Specify the method xcpustate should  use  to  fill  the	bars.  Available  options
	       include	grayscale,  color,  tile,  stipple,  or  auto. Auto automatically chooses
	       between tiling, grayscale, and colour, depending on your display type. Auto is the

       -colors Specify	the  colors  used to draw the bars. Colors are specified in left-to-right
	       order, separated by commas. A single dot can be used to specify the default  color
	       at  that  position.  Up to ten colors may be specified.	Defaults are used for the
	       leftmost colors if less than ten are specified.

       -kernel pathname
	       Specify the path that xcpustate will use to find kernel symbol file information on
	       some systems. This option is ignored on IRIX, Mach, and SunOS 5.x.

       -mmap   Request	that  xcpustate  use  mmap to directly map kernel memory into the current
	       process address space on some systems (SVR4 and NCR). This is the default.

       -nommap Inverse of mmap option.

       For xcpustate the available class identifiers are:

       CPUStateMonitor - the application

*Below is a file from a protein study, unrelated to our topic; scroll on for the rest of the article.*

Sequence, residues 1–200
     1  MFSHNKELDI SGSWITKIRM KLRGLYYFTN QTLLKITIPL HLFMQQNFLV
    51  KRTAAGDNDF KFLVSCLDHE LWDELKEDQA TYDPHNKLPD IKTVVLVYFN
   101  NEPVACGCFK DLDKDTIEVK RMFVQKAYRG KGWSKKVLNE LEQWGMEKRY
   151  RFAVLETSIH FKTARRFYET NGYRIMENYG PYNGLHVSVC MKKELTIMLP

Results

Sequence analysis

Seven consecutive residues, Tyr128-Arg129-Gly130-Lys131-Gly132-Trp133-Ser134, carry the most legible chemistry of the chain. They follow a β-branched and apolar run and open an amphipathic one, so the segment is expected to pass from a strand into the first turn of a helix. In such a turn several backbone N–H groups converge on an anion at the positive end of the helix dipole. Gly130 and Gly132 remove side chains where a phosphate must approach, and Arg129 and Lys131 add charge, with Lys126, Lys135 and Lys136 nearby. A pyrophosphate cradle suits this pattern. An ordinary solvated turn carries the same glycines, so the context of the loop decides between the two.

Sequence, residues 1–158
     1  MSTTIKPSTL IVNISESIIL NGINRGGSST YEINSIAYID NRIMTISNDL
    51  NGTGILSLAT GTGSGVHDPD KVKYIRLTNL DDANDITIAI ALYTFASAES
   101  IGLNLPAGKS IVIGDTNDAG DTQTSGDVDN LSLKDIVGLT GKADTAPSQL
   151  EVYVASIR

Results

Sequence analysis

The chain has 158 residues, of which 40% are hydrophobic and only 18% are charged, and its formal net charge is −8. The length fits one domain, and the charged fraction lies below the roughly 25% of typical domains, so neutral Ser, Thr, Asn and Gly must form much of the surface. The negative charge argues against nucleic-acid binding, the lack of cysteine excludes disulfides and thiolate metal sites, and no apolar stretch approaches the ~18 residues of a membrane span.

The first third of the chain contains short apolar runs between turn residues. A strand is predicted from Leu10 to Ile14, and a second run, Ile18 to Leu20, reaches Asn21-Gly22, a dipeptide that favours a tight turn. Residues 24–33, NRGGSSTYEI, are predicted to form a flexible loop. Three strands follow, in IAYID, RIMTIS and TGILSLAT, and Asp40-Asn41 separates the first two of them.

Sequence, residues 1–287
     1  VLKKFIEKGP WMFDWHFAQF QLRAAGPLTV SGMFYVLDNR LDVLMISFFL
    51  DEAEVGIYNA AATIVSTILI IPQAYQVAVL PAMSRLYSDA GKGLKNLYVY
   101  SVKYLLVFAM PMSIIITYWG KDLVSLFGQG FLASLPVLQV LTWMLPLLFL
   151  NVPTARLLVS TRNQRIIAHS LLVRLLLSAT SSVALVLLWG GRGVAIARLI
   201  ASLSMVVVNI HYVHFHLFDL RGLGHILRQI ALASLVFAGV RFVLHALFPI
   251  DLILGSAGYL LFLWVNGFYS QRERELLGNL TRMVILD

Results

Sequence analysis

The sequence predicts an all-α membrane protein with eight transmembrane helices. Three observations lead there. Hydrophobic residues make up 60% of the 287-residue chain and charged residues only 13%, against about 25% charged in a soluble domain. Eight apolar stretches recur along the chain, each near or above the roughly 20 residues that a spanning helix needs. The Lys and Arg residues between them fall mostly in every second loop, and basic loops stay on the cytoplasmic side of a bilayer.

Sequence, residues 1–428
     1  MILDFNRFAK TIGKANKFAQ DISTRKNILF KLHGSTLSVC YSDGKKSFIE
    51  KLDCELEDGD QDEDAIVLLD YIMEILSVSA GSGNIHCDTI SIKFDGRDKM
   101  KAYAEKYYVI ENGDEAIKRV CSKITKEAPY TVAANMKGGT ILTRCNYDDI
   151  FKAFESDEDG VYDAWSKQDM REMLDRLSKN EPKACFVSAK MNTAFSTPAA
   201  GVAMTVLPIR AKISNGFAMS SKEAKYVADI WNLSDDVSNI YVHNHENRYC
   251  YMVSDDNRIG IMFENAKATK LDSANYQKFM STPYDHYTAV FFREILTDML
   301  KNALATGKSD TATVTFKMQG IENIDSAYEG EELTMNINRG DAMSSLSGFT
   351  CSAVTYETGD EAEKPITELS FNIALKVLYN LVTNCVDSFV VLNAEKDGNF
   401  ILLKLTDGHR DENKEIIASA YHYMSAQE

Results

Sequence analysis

Form - enclosing the entire application, and sub-Forms enclosing
       Label/Bar pairs.

       For xcpustate, the available name identifiers are:

       xcpustate - application name
       The outer Form is "form".
       The Forms enclosing the Label/Bar pairs are "formN", where N is the
       index number, starting with the top pair as zero.
       Each Label name is the same as the label string.
       Each Bar name is "barN".

       For xcpustate, the available resources are:

       name interval, class Interval
	      corresponds to the -interval option. Takes a float value.

       name count, class Count
	      corresponds to the -count argument. Takes an integer value.

       name avg, class Avg
	      corresponds to the -avg argument. Takes an integer value.

       name shorten, class Shorten
	      corresponds to the -shorten argument. Takes an integer value.

       name cpu, class Cpu
	      corresponds to the -cpu and -nocpu arguments. Takes a boolean value.

       name disk, class Disk
	      corresponds to the -disk and -nodisk arguments. Takes a boolean value.

       name omni, class Omni
	      corresponds to the -omni and -noomni arguments. Takes a boolean value.  Not  avail-
	      able on systems other than Suns running SunOS 4.x.

       name wait, class Wait
	      corresponds to the -wait and -nowait arguments. Takes a boolean value.

       name filltype, class Filltype
	      corresponds to the -filltype argument. Takes a string.

       name host, class Host
	      corresponds to the -host argument. Takes a hostname.